Lower pressure in wet conditions

Lowering the pressure in the wet by 10% is a good idea. You’ll benefit from more grip as more of the tire’s surface area makes contact with the surface. You’ll also be able to turn corners more confidently. More grip will help to counter the reduced performance of brakes in the wet too. You’ll be riding slower anyway so shouldn’t be bothered about speed.

Other good tire admin

If you can, keep a small carry-pump on your person at all times that you ride so you can top up tire pressure but do not carry on if it immediately lowers again. The chances are that your inner tube or tire is deformed which will make your ride unsafe and could cause expensive damage to your wheels.

Avoid petrol / gas station pumps. Tires which use Schrader valves fit these pumps but they are not designed for use with bike tires. The gauge reading will not be accurate and the risk of a blow out is significant. City authorities are investing in public bike pumps so if you can, choose these. Or find a local bike shop. They should have a pump you can use.

Civic authorities support commuting with bike hubs – this one has a pump and a range of tools (Image credit: Kevin Glenton)

Be aware of the condition of your tire. If you can, check them after each ride for nicks and cuts. Be mindful of the depth and wear on the tread as this will influence the performance and also the PSI you can run. 

If your tread is very low, a higher PSI range will affect ride quality and handling. A replacement tire will cost less than repairing a damaged bike caused by a bad fall because of poor tread. 

Tire compounds run from soft to hard depending on the level of feel on offer, traction, braking power and puncture resistance – your manufacturer should take this into account when marking up the PSI range.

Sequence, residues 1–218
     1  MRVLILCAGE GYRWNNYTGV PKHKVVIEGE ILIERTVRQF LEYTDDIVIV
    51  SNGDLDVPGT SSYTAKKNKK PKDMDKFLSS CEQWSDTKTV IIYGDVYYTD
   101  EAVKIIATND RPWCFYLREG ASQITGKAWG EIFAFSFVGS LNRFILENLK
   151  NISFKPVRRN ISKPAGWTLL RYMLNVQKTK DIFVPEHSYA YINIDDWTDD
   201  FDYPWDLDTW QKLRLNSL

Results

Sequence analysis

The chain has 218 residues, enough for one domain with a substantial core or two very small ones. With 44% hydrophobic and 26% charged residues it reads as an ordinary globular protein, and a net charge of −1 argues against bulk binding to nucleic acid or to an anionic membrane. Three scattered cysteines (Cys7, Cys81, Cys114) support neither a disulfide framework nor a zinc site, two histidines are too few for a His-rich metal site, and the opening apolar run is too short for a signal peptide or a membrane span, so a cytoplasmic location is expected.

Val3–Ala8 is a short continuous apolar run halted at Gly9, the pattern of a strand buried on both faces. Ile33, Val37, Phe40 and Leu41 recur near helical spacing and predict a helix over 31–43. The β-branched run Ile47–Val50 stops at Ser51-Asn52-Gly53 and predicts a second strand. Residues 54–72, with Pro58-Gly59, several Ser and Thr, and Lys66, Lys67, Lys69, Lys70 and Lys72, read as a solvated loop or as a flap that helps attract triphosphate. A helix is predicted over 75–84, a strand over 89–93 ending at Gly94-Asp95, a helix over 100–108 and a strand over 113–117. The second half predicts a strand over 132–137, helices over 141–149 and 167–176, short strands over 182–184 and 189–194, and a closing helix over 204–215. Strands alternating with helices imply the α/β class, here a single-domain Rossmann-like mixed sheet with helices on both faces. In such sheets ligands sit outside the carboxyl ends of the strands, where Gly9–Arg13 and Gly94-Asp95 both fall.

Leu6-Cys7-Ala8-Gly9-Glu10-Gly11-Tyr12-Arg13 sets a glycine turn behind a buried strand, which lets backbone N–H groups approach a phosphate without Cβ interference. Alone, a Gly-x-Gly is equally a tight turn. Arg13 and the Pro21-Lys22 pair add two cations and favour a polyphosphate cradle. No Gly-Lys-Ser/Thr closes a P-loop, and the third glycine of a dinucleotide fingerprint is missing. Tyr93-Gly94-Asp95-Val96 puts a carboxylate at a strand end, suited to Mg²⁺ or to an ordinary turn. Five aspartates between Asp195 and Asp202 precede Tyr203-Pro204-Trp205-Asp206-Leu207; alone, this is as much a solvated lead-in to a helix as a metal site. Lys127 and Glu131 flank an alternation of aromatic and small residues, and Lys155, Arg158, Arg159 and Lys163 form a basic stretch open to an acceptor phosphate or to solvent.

Consider running a higher pressure on the rear than the front because most rider’s weight distribution on the bike favours the back tire.

Summer vs Winter: Tire Pressure in Hot and Cold Weather

Higher temperatures can increase your tire’s pressure because the molecules inside it move around more rapidly. Contrasting with this, tire pressures lower more quickly in the winter. Air pressure drops in cold conditions but not really by more than 1psi for 10°C, so this impact is negligible.

Colder rubber equals harder rubber and your ride may be more rigid in the winter months. If you ride with tires of a harder compound made for better puncture resistance in grim conditions then lowering the pressure will improve ride comfort. 

External temperature fluctuations are not considered as having a dramatic impact on your tire pressure. This is especially true if the ambient temperature where you pump up your tires is close to the temperature outside.

Kevin Glenton


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Kevin Glenton

Kevin is a NCTJ qualified journalist. He cycles on towpaths, defunct railway lines, national cycle routes and minor roads in order to explore. His home is Manchester, shoehorned in by the Peak District and Pennines. A love for their steep roads remains unrequited. You can read more from Kevin here